Some might think that all sugars are the same. They certainly have many confusing names and aliases such as dextrose, fructose, glucose, lactose, maltose, mannitol, sorbitol, sucrose, xylitol and many more. Even though all of these taste sweet, not all are made equal.
In contrast to glucose (what all sugars get converted to in the blood) and sucrose (known as table sugar or white sugar), some nutritionists regard fructose as a relatively safe form of sugar. Fructose does not require insulin for uptake into cells, so it does not affect blood-glucose levels, at least in the short term. Compared with sucrose, fructose consumption appears less likely to cause symptoms of reactive hypoglycemia or to trigger overeating. For these reasons, fructose is often recommended for people with diabetes and is included in many weight loss products and energy bars.
However, while fructose consumption may not adversely affect glycemic control in most studies, it does have deleterious effects on other aspects of metabolism. Fructose reacts with protein molecules to form something called, toxic “advanced glycation end-products (AGE)”. Say what?!! What that means is that fructose reacts with proteins and amino acids to form substituted amino sugars. This reaction undergoes further reactions and rearrangements to form AGEs, that accumulate indefinitely on molecules such as collagen and DNA. There is evidence that AGEs play a role in the aging process in the progression of vascular, renal and ocular (eye) complications of diabetes. It also contributes to the development of atherosclerosis.
The consumption of fructose, primarily from high-fructose corn syrup (HFCS), has increased dramatically in the United States during the past several decades. HFCS is used extensively in carbonated beverages and other sweetened drinks, baked goods, candies, canned fruits, jams, jellies and baked goods. Processed-food manufacturers prefer to use HFCS to sucrose because it is inexpensive to use and mixes well in many foods. The annual per capita use of HFCS has increased from 1970 to 1997 from 0.5 pounds to 62.4 pounds, while sucrose consumption decreased from 102 pounds to 67 pounds.1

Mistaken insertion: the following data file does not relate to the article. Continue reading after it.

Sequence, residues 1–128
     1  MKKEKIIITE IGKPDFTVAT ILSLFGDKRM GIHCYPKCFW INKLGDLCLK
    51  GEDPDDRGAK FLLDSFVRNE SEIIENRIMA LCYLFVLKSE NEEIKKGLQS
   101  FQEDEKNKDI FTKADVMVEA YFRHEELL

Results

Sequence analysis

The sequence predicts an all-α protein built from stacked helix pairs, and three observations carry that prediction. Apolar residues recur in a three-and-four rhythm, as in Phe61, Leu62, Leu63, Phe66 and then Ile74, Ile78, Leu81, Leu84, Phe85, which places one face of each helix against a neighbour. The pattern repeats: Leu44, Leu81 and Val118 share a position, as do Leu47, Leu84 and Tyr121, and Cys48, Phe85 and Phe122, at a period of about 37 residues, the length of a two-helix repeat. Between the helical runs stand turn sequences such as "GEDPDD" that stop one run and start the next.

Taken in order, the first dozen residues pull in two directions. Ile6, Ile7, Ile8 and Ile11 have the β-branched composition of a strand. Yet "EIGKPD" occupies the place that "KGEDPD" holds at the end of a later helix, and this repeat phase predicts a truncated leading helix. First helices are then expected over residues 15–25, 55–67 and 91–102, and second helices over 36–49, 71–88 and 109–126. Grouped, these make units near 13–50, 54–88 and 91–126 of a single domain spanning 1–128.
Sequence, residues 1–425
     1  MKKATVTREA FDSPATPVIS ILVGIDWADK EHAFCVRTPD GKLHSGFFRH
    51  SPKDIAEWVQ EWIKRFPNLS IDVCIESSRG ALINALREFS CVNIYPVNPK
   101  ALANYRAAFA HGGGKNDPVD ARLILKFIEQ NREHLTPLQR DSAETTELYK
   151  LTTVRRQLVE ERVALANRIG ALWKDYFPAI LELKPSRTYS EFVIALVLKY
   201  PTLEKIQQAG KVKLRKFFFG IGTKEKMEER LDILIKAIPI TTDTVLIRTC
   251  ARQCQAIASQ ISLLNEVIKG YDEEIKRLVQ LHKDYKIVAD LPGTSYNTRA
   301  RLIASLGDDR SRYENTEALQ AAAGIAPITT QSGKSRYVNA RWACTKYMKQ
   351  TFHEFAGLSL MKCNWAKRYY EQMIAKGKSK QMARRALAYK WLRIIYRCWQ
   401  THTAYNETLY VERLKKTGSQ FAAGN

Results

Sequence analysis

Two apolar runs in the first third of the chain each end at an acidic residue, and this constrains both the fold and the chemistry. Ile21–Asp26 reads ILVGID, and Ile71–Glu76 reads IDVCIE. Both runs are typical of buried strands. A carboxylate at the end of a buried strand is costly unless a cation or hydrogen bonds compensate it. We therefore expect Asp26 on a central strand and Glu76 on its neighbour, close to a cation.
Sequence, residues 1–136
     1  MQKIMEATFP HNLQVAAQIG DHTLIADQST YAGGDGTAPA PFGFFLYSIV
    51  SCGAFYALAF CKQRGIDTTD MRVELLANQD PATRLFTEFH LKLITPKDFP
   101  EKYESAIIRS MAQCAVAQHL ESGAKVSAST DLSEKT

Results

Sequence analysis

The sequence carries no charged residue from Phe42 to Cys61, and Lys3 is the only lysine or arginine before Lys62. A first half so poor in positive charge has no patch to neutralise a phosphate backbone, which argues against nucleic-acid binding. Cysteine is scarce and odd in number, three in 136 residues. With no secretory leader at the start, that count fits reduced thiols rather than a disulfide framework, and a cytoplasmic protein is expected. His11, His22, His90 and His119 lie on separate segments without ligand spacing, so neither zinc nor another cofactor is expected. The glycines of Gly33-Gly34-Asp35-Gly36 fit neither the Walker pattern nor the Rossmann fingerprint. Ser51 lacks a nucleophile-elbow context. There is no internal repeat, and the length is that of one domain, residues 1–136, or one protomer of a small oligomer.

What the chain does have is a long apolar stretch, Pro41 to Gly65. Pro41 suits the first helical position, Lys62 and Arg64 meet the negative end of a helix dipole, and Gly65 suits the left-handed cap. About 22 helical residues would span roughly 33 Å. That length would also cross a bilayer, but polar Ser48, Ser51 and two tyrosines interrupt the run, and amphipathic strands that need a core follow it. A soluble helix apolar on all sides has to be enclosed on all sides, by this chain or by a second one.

To recap, the potential adverse health effects of dietary fructose includes obesity, accelerated aging, insulin resistance, Diabetes mellitus and its complications, non-alcoholic fatty liver disease, high triglycerides, chronic diarrhea, irritable bowel syndrome and hives. Although the long-term effects of consuming fructose have not been adequately studied in humans, the available evidence suggests it may be more harmful than was once recognized. The extent that someone might be adversely effected by dietary fructose depends both on the amount consumed and the persons tolerance level. Also, the small amounts of fructose that occur naturally in fruits and vegetables are unlikely to have the deleterious effects that I have discussed. I encourage the consumption of fruits and vegetables, but recommend reading labels closely and reducing the overall intake of HFCS in your diet.
1 Gaby, A. Adverse effects of dietary fructose. Alternative Medicine Journal 2005; 10: 294-305.